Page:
State v. Cleveland

Annotate this Case

205 Kan. 426 (1970)

469 P.2d 251


No. 45,680

Supreme Court of Kansas.

Opinion filed May 9, 1970.

Charles S. Scott, of Scott, Scott and Scott, of Topeka, argued the cause, and J. Nelson Thompson, of Kansas City, Missouri, was with him on the brief for the appellant.

Ronald D. Innes, County Attorney, argued the cause, and Kent Frizzell, Attorney General, was with him on the brief for the appellee.

The opinion of the court was delivered by


This is an appeal from a conviction and sentence in a prosecution for disturbance of the peace.

The defendant, Franklin Cleveland, was charged with disturbing the peace and quiet of Jim Reynolds and other persons at the Student Union Building of Kansas State University, Manhattan, Kansas, by the use of profane and vulgar language, and rude and challenging behavior, on the 7th day of January, 1969, contra to K.S.A. 21-950. Appellant's case was consolidated for trial with that of Andrew Rollins who had been charged with a similar offense against *427 Michael Huston and other persons on the same occasion. A jury trial was waived and the case was tried before the judge of the district court. Both defendants were found guilty and each fined fifty dollars.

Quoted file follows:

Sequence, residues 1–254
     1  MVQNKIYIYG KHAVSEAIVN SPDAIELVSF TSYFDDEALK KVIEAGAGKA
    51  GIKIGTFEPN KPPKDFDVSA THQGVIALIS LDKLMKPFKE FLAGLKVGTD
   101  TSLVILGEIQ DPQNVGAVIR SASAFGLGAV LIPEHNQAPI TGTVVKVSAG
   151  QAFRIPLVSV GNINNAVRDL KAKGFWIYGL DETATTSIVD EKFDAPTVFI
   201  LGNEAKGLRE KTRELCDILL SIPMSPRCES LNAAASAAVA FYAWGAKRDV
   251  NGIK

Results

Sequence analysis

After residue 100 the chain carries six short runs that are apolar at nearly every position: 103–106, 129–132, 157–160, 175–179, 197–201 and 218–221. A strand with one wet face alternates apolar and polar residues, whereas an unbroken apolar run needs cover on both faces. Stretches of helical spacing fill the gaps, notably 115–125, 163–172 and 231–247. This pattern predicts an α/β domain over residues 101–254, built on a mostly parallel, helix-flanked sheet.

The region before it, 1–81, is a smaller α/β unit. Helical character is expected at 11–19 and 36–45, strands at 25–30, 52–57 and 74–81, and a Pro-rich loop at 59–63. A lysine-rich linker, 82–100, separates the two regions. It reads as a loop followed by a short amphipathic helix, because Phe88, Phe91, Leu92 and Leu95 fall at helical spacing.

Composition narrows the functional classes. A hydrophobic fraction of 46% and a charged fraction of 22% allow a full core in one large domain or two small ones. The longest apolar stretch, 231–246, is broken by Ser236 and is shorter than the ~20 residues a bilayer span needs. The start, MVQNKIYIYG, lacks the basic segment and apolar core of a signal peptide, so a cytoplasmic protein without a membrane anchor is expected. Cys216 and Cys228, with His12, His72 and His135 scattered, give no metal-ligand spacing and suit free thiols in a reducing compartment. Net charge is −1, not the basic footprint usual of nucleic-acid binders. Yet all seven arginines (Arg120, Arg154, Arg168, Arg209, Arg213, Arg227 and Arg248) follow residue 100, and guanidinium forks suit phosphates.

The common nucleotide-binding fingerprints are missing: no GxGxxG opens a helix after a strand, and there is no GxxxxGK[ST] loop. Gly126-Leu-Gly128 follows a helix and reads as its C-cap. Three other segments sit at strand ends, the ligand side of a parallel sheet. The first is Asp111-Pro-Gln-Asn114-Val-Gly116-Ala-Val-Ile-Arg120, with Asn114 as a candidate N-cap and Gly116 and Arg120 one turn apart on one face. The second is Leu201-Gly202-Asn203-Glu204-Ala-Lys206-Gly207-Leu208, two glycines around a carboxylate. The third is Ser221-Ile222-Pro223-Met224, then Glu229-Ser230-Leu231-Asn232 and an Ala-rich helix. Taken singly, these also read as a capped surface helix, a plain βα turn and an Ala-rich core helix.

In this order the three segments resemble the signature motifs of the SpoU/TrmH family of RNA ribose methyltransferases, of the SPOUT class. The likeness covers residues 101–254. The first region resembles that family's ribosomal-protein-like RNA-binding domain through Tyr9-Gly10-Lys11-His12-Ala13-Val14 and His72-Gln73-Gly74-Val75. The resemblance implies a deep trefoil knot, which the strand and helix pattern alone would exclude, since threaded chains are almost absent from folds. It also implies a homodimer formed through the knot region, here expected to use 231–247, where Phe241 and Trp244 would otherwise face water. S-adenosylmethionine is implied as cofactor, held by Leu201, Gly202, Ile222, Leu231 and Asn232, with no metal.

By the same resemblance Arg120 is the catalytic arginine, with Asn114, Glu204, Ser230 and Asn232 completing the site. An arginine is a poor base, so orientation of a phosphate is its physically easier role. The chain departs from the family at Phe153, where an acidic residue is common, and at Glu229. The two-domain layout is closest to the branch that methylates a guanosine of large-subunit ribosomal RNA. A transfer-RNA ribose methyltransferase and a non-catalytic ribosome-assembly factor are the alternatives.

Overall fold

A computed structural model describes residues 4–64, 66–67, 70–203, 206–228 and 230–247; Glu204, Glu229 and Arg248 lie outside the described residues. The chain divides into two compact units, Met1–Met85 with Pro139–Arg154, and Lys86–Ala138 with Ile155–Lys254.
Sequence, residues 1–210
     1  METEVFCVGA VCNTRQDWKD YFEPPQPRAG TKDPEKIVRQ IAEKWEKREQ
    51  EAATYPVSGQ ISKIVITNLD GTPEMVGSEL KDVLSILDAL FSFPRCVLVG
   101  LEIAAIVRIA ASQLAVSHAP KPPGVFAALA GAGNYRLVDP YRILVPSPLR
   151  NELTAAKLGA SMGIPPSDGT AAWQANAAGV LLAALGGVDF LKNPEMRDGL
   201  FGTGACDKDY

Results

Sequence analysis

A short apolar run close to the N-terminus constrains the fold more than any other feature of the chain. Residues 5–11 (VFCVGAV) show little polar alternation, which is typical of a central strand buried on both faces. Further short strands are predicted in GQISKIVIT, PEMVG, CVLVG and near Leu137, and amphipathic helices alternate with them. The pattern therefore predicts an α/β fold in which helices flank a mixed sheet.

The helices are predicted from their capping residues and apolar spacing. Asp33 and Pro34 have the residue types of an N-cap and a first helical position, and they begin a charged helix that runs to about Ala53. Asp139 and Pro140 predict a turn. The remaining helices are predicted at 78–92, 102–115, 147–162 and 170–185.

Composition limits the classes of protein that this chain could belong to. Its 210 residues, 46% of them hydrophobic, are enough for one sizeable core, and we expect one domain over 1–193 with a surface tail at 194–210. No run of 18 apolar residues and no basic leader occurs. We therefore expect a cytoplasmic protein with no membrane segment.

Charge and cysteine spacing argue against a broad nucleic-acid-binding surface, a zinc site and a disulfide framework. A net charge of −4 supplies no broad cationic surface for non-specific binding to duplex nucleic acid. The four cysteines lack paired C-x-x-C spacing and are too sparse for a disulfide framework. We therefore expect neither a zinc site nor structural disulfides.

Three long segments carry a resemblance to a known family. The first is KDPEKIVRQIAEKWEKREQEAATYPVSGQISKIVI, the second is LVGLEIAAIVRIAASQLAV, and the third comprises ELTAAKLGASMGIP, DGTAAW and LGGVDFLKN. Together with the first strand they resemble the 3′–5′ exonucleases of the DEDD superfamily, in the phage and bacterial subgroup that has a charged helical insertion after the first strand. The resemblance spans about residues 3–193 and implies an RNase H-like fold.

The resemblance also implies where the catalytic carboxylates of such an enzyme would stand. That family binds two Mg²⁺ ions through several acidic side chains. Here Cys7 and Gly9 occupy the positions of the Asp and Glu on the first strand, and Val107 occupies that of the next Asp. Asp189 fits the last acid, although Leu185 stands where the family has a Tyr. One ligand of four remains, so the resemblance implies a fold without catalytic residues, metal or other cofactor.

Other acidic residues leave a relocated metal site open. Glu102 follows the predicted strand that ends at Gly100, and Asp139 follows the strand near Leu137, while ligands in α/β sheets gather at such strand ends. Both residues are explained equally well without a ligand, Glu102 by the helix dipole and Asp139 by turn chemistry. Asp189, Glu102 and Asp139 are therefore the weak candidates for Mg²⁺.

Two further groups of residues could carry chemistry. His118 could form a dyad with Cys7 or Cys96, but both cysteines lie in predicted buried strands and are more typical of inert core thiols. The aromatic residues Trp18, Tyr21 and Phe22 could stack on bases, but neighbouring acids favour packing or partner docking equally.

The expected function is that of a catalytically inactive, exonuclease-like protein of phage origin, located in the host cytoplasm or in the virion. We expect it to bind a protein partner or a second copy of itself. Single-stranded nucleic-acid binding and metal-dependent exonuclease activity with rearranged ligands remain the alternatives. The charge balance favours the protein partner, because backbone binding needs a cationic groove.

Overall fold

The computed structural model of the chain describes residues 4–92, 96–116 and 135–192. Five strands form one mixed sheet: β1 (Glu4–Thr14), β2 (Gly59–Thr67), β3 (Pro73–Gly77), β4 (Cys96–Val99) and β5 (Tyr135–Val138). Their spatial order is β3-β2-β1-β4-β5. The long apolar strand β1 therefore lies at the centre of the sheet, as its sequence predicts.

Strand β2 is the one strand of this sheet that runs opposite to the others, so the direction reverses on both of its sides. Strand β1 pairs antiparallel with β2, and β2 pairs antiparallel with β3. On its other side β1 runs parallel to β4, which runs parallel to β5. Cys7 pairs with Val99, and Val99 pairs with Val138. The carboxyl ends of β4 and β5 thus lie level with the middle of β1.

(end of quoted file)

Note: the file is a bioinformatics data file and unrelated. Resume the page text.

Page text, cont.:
Cleveland has filed a separate appeal.

Michael D. Huston is a corporal in the Marine Corps and a member of officers selection team for the purpose of recruiting officers for the marines. On January 7, 1969, he was working in that capacity in the lobby of the Student Union Building of the Kansas State University. Huston was seated at a table when he was approached by Andrew Rollins and the defendant, Franklin Cleveland. They engaged Huston in conversation by asking him questions and then interrupted his answers. In the course of the dialogue Huston was called a killer, a mercenary and a prostitute. However, that language was mild, indeed, compared to that which was spoken generally. Rollins and the defendant were about eighteen inches from Huston during the episode.